Fire danger remains high in Churchill County |

Fire danger remains high in Churchill County

Steve Ranson
LVN Editor Emeritus
Although wildland fire activity has been quiet in Churchill County this summer, the Bureau of Land Management said the combination of vegetation and dry lightning could change the fire outlook for the next three months like it did in 2016 and 2017.
Steve Ranson / LVN

Although this year’s wildfire season has been quiet in Churchill County compared to the same time in 2017, the Bureau of Land Management said the right conditions could lead to more fires during the next two months.

Jonathon Palma, Carson City district’s acting fire management officer, told Churchill County commissioners on Wednesday that increased fuel and hot weather could be a potent combination. During the winter, he said precipitation in the Carson City District and most of Nevada was below average, but rain fell during the March-April time frame.

“This year the grass didn’t grow as much, but we have carry over from last year,” he said.

According to the BLM, “vegetation in western Nevada and eastern California is significantly more than seen in previous years partly because of the wet spring and the abundance of last year’s grass crop. Warmer than average temperatures have increased the rate of vegetation dry-out. A large crop of grass and brush is evident at lower elevations, and trees and other forest vegetation at higher elevations is quickly drying out.”

Palma said the fire season has been quiet in the eastern part of the district. In 2017, though, July was a busy month near Cold Springs. The Draw Fire, which was caused by lightning Friday night, burned more than 27,000 acres of cheat grass, sage and rabbit brush and pinion juniper trees. The fire also closed U.S. Highway 50 several times because of flames crossing the two-lane highway and threatening the Cold Springs Restaurant, which is 60 miles east of Fallon. Firefighters also faced temperatures hovering near 100 degrees as well as low humidity in the single digits.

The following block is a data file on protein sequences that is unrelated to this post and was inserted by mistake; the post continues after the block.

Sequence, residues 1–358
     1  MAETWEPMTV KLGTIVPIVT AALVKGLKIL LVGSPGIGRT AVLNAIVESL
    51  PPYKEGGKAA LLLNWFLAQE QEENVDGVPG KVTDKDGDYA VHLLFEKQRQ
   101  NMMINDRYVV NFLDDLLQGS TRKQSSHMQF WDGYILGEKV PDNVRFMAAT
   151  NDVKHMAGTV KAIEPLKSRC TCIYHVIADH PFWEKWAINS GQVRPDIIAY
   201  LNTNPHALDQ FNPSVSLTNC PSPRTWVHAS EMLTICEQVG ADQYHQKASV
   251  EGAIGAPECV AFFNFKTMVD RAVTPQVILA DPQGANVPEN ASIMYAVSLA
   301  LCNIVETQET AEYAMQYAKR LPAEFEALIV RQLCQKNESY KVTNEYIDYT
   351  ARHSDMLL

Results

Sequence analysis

The Bravo 17 fire began a week later on Navy land and eventually burned more than 22,000 acres. The fire started on a bombing range and spread east onto BLM land. The Tungsten Fire 60 miles northeast of Fallon consumed more than 5,000 acres of brush, hardwood slash and grass in August. Lightning caused that fire according to BLM dispatches.

On Sept. 1, 2017, 18 active wildfires burned in Nevada including the Tohakum 2 Fire northeast of Pyramid Lake that closed State Route 447, the main access to the Burning Man festival on the Black Rock Desert. A total of 132,106 acres had been consumed by the 18 fires.

Palma said forecasters predict temperatures will be hotter than average but precipitation will be in the normal range.

“We have a large-fire potential,” Palma said.

Based on the previous four years, areas that could face the potential of wildfires in Churchill County include the Clan Alpine Range northeast of Fallon and along State Highway 722 to Carroll Summit. Palma said dry lightning similar to last year could be a factor in igniting cheat grass or single-leaf pinyon pine and juniper trees.

Fire restrictions are also in effect until further notice.